March 15
Thomas Ferguson, University of Amsterdam and University of St. Andrews
Models of Relevant Arithmetic

In the 1970s, the logician and philosopher Robert Meyer proposed a novel response to Goedel's Incompleteness Theorems, suggesting that perhaps the results' impact could be blunted by analyzing Peano arithmetic with a weaker deductive system. Initial successes of the program of relevant arithmetic were positive. E.g., R# (the theory of Peano arithmetic under the relevant logic R) can be shown consistent in the sense of not proving 0=1 and this can be shown through arguably finitistic methods. In this talk I will discuss the rise and fall of Meyer's program, detailing the philosophical foundations, its positive development, and the context of Harvey Friedman's negative result in 1992. I'll also suggest why the program, although not necessarily successful, is nevertheless an interesting object of study.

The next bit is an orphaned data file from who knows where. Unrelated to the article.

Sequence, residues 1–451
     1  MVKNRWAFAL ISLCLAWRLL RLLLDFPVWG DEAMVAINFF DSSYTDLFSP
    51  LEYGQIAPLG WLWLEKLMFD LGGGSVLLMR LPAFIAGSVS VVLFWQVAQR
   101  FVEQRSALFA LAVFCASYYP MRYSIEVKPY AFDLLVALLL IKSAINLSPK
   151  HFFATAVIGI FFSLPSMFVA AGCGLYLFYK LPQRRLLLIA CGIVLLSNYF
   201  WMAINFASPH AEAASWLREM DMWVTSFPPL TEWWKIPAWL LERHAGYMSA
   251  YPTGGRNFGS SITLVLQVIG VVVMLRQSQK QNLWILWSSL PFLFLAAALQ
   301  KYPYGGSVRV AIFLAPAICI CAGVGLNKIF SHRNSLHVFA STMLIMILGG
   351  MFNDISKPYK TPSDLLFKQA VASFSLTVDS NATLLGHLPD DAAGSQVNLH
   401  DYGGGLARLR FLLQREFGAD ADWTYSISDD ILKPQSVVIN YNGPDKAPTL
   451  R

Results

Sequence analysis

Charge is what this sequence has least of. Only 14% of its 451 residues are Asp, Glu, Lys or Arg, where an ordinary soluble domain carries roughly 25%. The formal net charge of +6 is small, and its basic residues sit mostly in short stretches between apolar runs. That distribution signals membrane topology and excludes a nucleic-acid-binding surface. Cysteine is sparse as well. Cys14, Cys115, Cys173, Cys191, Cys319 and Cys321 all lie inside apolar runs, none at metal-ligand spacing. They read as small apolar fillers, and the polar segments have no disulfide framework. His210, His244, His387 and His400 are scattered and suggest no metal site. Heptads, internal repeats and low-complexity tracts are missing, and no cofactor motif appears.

Also note that a great deal of context—including Meyer's two long-unpublished monographs on the topic—have recently appeared in a special issue of the Australasian Journal of Logic I co-edited with Graham Priest, which can be found at